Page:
The race for the Republican nomination for Virginia’s tenth congressional district is widely regarded as Barbara Comstock’s to lose. The conservative state legislator has won three times in the part of the swing district that is hardest for Republicans, and she has won an impressive list of endorsements.
She does, however, have some competition. One is Rob Wasinger, a longtime Republican politico. He worked for the presidential campaign of Sam Brownback in 2008 and that of Jon Huntsman in 2012; in between he ran for a House seat in Kansas, coming in fourth in the primary. Another competitor is Comstock’s fellow delegate Bob Marshall, who is mainly known for a social conservatism that is sometimes expressed in incendiary ways. In 2010, for example, he got national attention for saying, “The number of children who are born subsequent to a first abortion who have handicaps has increased dramatically. Why? Because when you abort the firstborn of any, nature takes its vengeance on the subsequent children.”
The main line of attack on Comstock from Marshall and Wasinger is that she is insufficiently socially conservative. She has consistently opposed same-sex marriage and abortion, and among her supporters are such undoubted social conservatives as Mary Ellen Bork, Eugene Scalia, and Rick Santorum. Some flawed reporting by Deal Hudson has created confusion on this issue. (You may recall Hudson for having been a bridge between the George W. Bush administration and conservative Catholics before being brought down by scandal.)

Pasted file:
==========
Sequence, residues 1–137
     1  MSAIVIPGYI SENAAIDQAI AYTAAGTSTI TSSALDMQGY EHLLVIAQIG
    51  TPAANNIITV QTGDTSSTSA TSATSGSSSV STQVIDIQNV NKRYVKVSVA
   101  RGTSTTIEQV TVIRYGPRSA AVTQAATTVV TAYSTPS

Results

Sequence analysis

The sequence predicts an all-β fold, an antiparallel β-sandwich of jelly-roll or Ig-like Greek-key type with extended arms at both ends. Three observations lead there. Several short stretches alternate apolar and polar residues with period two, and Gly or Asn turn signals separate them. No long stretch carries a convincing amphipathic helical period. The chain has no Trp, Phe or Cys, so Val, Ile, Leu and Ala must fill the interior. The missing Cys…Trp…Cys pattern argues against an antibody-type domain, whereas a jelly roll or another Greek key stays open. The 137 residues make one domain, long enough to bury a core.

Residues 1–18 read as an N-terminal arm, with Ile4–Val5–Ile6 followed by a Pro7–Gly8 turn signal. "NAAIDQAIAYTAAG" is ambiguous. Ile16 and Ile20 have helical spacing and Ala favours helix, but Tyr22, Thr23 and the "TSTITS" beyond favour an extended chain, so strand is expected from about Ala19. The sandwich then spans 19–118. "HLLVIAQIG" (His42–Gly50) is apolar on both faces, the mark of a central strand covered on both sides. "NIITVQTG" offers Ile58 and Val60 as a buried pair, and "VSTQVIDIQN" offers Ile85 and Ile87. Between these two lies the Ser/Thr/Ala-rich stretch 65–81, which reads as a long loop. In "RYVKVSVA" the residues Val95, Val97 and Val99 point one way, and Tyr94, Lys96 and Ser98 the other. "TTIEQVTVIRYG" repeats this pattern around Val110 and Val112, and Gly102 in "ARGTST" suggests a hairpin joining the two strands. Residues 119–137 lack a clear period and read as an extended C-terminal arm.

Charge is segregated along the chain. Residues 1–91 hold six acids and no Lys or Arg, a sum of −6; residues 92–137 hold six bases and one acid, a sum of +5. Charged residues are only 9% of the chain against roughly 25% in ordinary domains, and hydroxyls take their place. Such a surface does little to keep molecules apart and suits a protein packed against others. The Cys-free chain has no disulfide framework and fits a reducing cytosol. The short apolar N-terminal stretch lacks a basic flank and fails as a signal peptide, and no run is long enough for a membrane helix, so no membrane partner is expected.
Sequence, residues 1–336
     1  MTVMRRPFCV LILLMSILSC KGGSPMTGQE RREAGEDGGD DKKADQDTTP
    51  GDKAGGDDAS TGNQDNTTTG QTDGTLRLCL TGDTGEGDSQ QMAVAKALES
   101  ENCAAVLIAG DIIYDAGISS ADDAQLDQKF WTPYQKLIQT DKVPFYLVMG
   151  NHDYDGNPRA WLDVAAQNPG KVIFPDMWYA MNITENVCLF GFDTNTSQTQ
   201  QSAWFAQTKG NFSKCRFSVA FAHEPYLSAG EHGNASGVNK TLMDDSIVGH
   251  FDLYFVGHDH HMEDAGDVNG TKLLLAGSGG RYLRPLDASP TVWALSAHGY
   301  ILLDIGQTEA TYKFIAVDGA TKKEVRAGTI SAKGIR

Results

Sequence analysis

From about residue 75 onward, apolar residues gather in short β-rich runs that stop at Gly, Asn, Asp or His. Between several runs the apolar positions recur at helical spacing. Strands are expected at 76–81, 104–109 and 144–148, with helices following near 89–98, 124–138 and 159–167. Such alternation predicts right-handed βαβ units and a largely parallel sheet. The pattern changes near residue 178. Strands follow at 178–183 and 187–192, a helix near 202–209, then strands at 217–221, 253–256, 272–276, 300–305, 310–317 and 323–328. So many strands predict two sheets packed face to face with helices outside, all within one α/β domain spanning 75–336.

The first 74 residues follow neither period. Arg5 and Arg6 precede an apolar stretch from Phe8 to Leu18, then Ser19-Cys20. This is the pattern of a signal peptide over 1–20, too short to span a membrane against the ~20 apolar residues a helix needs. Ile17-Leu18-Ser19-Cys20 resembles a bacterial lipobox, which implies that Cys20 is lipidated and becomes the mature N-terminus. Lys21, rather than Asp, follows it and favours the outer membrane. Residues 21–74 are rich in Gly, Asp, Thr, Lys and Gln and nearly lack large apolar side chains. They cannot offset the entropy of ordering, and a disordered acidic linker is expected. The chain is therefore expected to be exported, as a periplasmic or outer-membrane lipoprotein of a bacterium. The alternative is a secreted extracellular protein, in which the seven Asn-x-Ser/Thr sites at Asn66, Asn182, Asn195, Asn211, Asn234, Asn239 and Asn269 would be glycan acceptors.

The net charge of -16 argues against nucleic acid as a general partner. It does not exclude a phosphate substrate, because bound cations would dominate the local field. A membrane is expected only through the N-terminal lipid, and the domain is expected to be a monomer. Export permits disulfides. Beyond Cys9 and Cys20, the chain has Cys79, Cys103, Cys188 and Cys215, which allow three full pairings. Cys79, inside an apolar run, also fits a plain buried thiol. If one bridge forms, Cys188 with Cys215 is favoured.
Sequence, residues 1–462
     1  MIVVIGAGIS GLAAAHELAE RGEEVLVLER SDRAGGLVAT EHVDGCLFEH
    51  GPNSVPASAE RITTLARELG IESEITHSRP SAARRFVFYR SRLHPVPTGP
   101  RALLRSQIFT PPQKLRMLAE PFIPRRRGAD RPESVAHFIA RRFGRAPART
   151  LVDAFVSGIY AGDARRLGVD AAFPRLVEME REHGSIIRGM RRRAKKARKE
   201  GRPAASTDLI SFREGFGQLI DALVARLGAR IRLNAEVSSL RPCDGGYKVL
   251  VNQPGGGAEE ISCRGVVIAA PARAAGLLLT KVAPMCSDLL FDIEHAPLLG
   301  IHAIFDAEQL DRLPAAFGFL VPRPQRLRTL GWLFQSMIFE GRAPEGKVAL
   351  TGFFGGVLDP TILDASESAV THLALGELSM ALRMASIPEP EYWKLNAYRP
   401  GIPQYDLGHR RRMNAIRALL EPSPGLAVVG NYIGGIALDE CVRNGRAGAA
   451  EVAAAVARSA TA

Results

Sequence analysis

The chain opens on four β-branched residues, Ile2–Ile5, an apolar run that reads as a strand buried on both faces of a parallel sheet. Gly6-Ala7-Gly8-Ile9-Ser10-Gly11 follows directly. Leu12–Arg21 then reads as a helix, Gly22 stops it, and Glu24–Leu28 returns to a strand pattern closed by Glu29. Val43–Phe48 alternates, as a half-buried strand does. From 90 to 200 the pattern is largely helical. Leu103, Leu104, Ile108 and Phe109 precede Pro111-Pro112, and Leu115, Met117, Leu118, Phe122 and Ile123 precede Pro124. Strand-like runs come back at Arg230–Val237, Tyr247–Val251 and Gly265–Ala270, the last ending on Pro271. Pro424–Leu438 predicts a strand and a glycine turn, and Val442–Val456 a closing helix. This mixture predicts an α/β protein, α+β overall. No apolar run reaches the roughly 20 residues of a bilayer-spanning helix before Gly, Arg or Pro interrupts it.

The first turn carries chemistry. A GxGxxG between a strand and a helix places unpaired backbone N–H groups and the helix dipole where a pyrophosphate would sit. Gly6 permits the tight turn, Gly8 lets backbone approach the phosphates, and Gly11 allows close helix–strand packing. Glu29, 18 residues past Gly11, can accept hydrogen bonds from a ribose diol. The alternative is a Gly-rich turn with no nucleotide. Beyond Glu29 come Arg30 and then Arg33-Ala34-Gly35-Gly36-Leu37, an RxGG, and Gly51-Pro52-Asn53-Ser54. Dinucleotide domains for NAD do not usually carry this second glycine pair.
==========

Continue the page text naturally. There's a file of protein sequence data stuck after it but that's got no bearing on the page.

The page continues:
Hudson posted a column arguing that Comstock is not pro-life. His chief evidence: She had voted against an amendment that would have kept plans offered in Virginia’s Obamacare exchange from covering abortion. What Hudson did not comprehend is the peculiar structure of Virginia’s “veto sessions,” which are unlike its regular sessions. If the legislature approves the governor’s recommended amendments to a vetoed bill during those sessions, the amended legislation becomes law. Comstock opposed the amendment because she opposed the underlying bill: She opposes Obamacare and its exchanges. Before the vote she explained her thinking to the Family Foundation, the group pushing for the amendment. The foundation has said that Comstock’s vote should not be taken as detracting from her record of supporting the right to life.
After hearing that he had gotten the story wrong, Hudson, to his credit, took it down. He then sent out an e-mail seeking information about the question — an email that further asserted, without evidence, that Comstock “is also bad on marriage, by the way” (and also falsely claimed the foundation had posted its explanation for Comstock’s vote after his article appeared; the timestamps say otherwise). He then posted a new version of his article. It has a better handle on the facts, but no expression of regret for not having done his research beforehand.
Now that he knows how a veto session works, Hudson concludes that Comstock’s explanation for her vote is “not only inadequate but a sad reminder of the kind of explanation used by Rep. Bart Stupak when he backed down on his opposition to abortion funding in the health care bill.” The comparison is inapt: Stupak voted for the underlying bill and Comstock did not. All in all, Hudson’s conclusions-first approach makes me wonder whether he would be attacking Comstock for having supported Obamacare if she had cast the opposite vote.
Wasinger allies have sent out “opposition research” involving this and other similarly weak attacks on Comstock, and started a fake organization to promote these attacks.
Marshall, by the way, voted present on the same amendment for his own reasons.